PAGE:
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Head
- Nok Culture c. 500-BCE-200 BCE
- Terracotta, hollow thin clay
- The inverted D-shaped eyes are characteristic of this style and are solid or pierced through give an alert look to face
- Elaborate hair styles or jewelry represent higher members of society or ritual status (that means they aren't doing manual labor, no baskets on head because of no pack animals)
- Holes in facial features allow air to pass through as figure is fired
- Nok culture might be built on a yet undiscovered culture because of such technical advancements

Hip Mask Representing an Iyoba ("Queen Mother"), Benin, middle period, 1550, ivory, iron, and copper, 23.4 cm tall

-in Benin (and many other African city) the head was the symbolic center of wisdom, intelligence, communication, and success
-the oba (king) was depicted in and commissioned work in coral, brass, and ivory
-artisans who served the king were organized into guilds and served in a separate part of the city
-this mask represents an iyoba (an oba's mother); possibly the specific woman Idia
-worn at the oba's hip
-had iron inlays
-necklace depicts Portuguese soldiers with flowing hair because they helped the African kingdom at the time expand
-in the crown Portuguese figures are alternated with mudfish; the mudfish mediates between land and water like the oba mediates between the human and supernatural worlds

Plaque: Warrior Chief Flanked by Warriors and Attendants
- Benin 1550-1650
- Warrior chief in ceremonial attire with rank indicated by necklace of leapord's teeth and coral decorated- cap and collar and elaborate skirt with leopard mask on hip
- Spear in one hand, eben sword in other: sybol of high rank in Benin
- Hierarchial order with chief largest and in middle, with others less important and smaller
- Warriors gesture of holding sword aloft still happens today and adds dynamic and authority

"Two artists" cylinder vessel, painted ceramic, Mayan, 675-750

-from present day Guatemala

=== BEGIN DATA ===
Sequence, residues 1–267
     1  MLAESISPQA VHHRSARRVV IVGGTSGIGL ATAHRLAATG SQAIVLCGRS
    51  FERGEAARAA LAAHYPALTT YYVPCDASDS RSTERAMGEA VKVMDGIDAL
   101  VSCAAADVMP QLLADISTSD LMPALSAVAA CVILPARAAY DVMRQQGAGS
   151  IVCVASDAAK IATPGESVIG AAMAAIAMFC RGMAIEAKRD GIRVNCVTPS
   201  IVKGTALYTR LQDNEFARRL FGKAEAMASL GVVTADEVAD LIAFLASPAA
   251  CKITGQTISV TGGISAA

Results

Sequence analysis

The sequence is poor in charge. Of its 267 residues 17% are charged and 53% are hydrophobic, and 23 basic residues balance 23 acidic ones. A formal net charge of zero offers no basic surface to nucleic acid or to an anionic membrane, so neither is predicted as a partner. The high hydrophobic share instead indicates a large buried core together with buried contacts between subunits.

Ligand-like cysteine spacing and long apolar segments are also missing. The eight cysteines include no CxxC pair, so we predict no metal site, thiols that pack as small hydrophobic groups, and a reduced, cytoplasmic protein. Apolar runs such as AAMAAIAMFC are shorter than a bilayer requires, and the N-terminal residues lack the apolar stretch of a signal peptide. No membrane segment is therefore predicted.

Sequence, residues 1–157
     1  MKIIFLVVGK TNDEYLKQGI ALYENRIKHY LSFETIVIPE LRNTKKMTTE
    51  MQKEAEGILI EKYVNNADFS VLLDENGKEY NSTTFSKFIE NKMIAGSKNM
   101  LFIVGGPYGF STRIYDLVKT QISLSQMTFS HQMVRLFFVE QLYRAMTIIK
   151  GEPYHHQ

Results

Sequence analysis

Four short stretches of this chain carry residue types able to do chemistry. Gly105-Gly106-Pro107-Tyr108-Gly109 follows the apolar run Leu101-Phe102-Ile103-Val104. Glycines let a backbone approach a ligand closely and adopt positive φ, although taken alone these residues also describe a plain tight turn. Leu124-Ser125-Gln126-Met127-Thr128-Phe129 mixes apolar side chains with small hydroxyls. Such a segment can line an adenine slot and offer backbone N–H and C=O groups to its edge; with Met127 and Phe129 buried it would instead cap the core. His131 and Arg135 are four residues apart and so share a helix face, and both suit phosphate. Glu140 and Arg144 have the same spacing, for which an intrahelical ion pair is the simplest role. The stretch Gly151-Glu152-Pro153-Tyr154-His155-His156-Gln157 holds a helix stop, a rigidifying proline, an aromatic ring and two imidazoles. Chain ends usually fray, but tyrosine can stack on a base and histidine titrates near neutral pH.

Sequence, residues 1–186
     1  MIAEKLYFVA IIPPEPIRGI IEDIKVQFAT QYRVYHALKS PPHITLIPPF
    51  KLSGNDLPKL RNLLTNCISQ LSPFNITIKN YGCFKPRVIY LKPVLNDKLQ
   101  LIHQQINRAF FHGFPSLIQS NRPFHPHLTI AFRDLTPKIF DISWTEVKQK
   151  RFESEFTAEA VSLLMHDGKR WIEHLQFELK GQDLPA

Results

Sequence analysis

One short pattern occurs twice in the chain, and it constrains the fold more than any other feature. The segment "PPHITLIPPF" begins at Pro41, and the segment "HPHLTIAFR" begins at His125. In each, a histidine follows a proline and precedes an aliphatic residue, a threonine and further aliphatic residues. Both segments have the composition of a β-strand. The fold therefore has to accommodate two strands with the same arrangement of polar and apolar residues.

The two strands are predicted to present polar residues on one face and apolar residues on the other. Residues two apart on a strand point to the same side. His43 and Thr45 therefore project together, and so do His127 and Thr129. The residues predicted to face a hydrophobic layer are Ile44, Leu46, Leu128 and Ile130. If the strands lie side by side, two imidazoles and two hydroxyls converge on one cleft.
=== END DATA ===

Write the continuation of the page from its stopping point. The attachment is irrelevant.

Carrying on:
-this vessel shows two artists working; one is using shell as ink pot
-they are possibly creating a codex
-Mayans did not have specific word for art but had phrases for painting, carving, etc.
-cylinders lend themselves to telling a narrative with shape
-red clay with slip and then colors painted on top

Atrial Cross, c. 1550, New Spain

Christian symbolism became inextricably mixed with the symbolism of their religious believes.
This cross carved by indigenous sculptors is a visual manifestation of those hybrid beliefs.
Didactic function (place in the church atriums). Religious chronicles note that children who were being taught Christian doctrine often fathered around a convent's atrial cross on Sundays.
Low relief reflecting native sculptural traditions.
Symbols probably taken from illustrated books and bibles.
Representation of the weapons that Christ used to defeat the devil [ These are known as Arma Christi ("Weapons of Christ"), or the Instruments of the Passion]:
Holy face (similar to that seen on the Veronica's cloth), crown of thorns, the column of the flagellation with the roosters of St. Peter's denial flanked by the sun and the moon (symbols of Old and new Testament), Christ's tunic and the ladder used for the deposition, the nails of the Crucifixion and a gush of Christ's blood, the chalice with the Eucharist wafer, the lance that Christ was pierced with, the reed which was placed in Jesus' hand as a sceptre in mockery, the pincers used to remove the nails, and the pole and the sponge, St Peter's sword, the ear of Malchus, and the hammer. Angels heads and pomegranates surround the inscription at the top as symbols of regeneration.
Stole that wraps around both arms are is a liturgical garment symbol of the immortality lost by Adam and Eve and recovered by the Redemption.

There is a dual character to these symbols because they are associated both to Christian and native traditions
Cross represents both Christ's redemption of humanity and the tree of life of Mesoamerican religions.
The blood that sprays out of the nails is both Christ's and the sacrificial blood of native religions.

Goddess Coaticue
- Aztec c 1500
- Aztec Mother/Earth Goddess
- "She of the Serpent Skirt"
- Represents equilibrium between elements of universe (life/death, heaven/earth, male/female, terror/magnificence)
- Gave birth to her son through her own death
- Hands and heart necklace- naturalistic and stylized
- Earth monster b/w feet  essence over presence

Palace Chapel of Charlemagne, Aachen, Germany, 792-805

-palace complex a synthesis of Roman, Early Christian, and northern style